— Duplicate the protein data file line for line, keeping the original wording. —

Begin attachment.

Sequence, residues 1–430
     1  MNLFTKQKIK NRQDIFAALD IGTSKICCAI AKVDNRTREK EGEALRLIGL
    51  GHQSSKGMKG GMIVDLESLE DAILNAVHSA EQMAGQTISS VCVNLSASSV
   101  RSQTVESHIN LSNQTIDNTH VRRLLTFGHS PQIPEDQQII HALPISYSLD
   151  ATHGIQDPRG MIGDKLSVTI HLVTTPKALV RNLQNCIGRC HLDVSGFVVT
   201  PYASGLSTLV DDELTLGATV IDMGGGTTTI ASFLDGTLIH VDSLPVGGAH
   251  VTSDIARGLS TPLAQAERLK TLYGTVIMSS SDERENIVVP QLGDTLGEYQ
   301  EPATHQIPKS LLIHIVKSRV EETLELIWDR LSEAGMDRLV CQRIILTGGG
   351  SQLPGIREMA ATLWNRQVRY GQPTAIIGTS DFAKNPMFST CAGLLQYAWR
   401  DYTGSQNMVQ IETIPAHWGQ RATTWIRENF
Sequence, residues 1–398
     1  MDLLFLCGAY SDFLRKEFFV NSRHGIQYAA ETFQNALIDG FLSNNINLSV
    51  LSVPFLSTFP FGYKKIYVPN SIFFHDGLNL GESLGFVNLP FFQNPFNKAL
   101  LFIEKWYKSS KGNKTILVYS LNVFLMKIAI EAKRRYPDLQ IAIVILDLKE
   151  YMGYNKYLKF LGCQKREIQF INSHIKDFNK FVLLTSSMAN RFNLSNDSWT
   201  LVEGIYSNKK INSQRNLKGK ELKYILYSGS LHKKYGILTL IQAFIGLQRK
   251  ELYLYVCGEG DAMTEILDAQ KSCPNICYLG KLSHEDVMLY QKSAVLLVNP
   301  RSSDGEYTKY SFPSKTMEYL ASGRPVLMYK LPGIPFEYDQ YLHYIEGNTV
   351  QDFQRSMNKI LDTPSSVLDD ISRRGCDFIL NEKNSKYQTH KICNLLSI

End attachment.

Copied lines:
Sequence, residues 1–430
     1  MNLFTKQKIK NRQDIFAALD IGTSKICCAI AKVDNRTREK EGEALRLIGL
    51  GHQSSKGMKG GMIVDLESLE DAILNAVHSA EQMAGQTISS VCVNLSASSV
   101  RSQTVESHIN LSNQTIDNTH VRRLLTFGHS PQIPEDQQII HALPISYSLD
   151  ATHGIQDPRG MIGDKLSVTI HLVTTPKALV RNLQNCIGRC HLDVSGFVVT
   201  PYASGLSTLV DDELTLGATV IDMGGGTTTI ASFLDGTLIH VDSLPVGGAH
   251  VTSDIARGLS TPLAQAERLK TLYGTVIMSS SDERENIVVP QLGDTLGEYQ
   301  EPATHQIPKS LLIHIVKSRV EETLELIWDR LSEAGMDRLV CQRIILTGGG
   351  SQLPGIREMA ATLWNRQVRY GQPTAIIGTS DFAKNPMFST CAGLLQYAWR
   401  DYTGSQNMVQ IETIPAHWGQ RATTWIRENF
Sequence, residues 1–398
     1  MDLLFLCGAY SDFLRKEFFV NSRHGIQYAA ETFQNALIDG FLSNNINLSV
    51  LSVPFLSTFP FGYKKIYVPN SIFFHDGLNL GESLGFVNLP FFQNPFNKAL
   101  LFIEKWYKSS KGNKTILVYS LNVFLMKIAI EAKRRYPDLQ IAIVILDLKE
   151  YMGYNKYLKF LGCQKREIQF INSHIKDFNK FVLLTSSMAN RFNLSNDSWT
   201  LVEGIYSNKK INSQRNLKGK ELKYILYSGS LHKKYGILTL IQAFIGLQRK
   251  ELYLYVCGEG DAMTEILDAQ KSCPNICYLG KLSHEDVMLY QKSAVLLVNP
   301  RSSDGEYTKY SFPSKTMEYL ASGRPVLMYK LPGIPFEYDQ YLHYIEGNTV
   351  QDFQRSMNKI LDTPSSVLDD ISRRGCDFIL NEKNSKYQTH KICNLLSI